Why doesn’t your acoustic guitar shine through your mix like you want it to?
Why does your electric guitar sound like garage-band quality?
It might very well be the quality of your microphone.
Your mic is the gateway to your recording. It doesn’t matter how good your guitar sounds to your ears if your mic can’t accurately capture the sound.
So I want to talk about the best guitar mics for recording at home…
Condenser vs Dynamic: Which Microphone Is Better for Guitar?
There are two types of microphones that every professional recording studio has. (There are more, but we’re just going to be covering these two.)
Before we talk about which type might be better for recording guitar, we have to familiarize ourselves with each.
The key factor is something called a transducer.
The way a mic’s transducer works will tell you if it’s a condenser or dynamic.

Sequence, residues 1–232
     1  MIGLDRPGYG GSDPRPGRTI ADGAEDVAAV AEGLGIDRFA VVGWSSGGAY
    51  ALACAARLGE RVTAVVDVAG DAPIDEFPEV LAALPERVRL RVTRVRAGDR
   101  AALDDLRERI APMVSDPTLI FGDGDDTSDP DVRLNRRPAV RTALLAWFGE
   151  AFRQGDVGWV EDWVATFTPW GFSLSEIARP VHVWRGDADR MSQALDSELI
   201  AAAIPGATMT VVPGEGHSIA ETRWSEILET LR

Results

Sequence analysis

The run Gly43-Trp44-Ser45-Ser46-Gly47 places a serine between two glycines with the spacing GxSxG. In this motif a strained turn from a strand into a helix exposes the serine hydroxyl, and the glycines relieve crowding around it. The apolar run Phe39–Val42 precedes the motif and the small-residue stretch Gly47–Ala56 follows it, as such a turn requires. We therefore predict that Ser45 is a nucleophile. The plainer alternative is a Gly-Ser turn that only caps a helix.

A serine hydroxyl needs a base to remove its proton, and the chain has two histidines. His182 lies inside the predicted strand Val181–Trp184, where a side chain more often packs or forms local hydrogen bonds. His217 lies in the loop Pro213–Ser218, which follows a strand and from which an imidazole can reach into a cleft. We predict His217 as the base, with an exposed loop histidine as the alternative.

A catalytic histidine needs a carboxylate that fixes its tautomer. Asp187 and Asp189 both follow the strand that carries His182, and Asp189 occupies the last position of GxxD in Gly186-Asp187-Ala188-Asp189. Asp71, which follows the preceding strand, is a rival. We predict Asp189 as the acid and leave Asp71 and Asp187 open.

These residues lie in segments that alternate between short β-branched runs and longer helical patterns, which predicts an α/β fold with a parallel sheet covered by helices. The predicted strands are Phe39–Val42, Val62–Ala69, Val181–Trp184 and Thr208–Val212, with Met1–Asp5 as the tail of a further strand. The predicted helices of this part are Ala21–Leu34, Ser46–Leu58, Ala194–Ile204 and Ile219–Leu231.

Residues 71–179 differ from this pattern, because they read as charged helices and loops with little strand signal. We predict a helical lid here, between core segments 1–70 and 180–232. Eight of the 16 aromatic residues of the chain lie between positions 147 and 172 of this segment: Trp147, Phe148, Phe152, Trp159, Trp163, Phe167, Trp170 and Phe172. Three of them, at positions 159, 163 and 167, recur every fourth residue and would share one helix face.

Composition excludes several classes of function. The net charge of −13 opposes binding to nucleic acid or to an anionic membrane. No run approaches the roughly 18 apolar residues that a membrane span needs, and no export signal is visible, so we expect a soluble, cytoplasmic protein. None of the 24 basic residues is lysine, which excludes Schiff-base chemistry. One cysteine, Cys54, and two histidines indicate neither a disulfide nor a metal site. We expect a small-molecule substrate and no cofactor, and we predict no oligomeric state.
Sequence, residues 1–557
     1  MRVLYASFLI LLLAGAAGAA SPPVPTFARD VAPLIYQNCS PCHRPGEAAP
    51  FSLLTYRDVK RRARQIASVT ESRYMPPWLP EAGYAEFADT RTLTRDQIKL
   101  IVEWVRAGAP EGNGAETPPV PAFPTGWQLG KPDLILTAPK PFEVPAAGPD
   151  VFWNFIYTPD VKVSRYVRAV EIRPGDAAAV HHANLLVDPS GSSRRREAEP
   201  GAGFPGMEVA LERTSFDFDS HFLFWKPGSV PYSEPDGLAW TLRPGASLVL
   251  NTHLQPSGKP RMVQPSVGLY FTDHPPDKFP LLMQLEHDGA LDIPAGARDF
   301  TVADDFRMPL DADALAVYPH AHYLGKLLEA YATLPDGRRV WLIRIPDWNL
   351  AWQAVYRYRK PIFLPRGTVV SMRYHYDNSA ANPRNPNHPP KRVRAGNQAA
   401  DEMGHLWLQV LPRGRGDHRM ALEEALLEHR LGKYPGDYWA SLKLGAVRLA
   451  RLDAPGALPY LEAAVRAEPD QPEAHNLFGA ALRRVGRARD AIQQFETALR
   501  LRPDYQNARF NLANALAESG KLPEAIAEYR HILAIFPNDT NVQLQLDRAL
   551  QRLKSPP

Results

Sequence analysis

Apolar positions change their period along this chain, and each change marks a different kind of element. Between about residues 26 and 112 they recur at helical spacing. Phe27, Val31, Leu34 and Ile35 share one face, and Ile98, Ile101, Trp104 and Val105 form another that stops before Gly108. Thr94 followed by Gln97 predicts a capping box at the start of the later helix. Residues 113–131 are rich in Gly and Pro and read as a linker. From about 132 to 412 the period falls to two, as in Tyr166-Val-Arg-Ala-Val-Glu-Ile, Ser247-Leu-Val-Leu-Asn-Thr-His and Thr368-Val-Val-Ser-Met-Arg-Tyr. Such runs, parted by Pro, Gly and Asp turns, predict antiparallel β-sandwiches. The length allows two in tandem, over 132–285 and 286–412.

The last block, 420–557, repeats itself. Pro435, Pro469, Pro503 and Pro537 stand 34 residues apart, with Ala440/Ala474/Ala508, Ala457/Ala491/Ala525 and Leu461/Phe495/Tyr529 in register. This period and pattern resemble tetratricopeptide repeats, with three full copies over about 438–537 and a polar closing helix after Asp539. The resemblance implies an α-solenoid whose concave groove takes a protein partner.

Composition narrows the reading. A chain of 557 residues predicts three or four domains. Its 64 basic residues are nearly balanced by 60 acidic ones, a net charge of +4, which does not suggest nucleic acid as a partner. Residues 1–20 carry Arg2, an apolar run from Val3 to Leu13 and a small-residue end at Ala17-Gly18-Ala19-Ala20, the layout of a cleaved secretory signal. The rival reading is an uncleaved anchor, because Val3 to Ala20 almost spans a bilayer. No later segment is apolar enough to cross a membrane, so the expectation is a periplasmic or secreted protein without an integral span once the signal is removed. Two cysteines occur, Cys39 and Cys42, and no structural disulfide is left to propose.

How Do Condenser Microphones Work?
Condenser microphones have an electrically charged diaphragm.
They’re super precise and clear. But they’re also pretty fragile.
Avoid these sure-fire ways to ruin your condenser:
- Dropping or banging it
- Recording a sound source that’s too loud for the diaphragm
- Storing it in extreme weather conditions (too hot, too cold, too humid, etc.)
Because it runs on electrical circuitry, a condenser mic needs external power to work.
Usually this means phantom power. Most audio interfaces have a phantom power switch or button—you need this turned on for a condenser mic to work.
How Do Dynamic Microphones Work?
Dynamic microphones use a combination of a magnet and a voice coil wrapped in a plastic diaphragm.
It doesn’t have as much electrical circuitry. And this means dynamic mics are much more durable than condenser microphones.
They can handle much louder sound sources.
They’re great as performance mics because they can be waved around and handled roughly.
And most of the time, they’re more affordable than condenser mics—and they still sound great!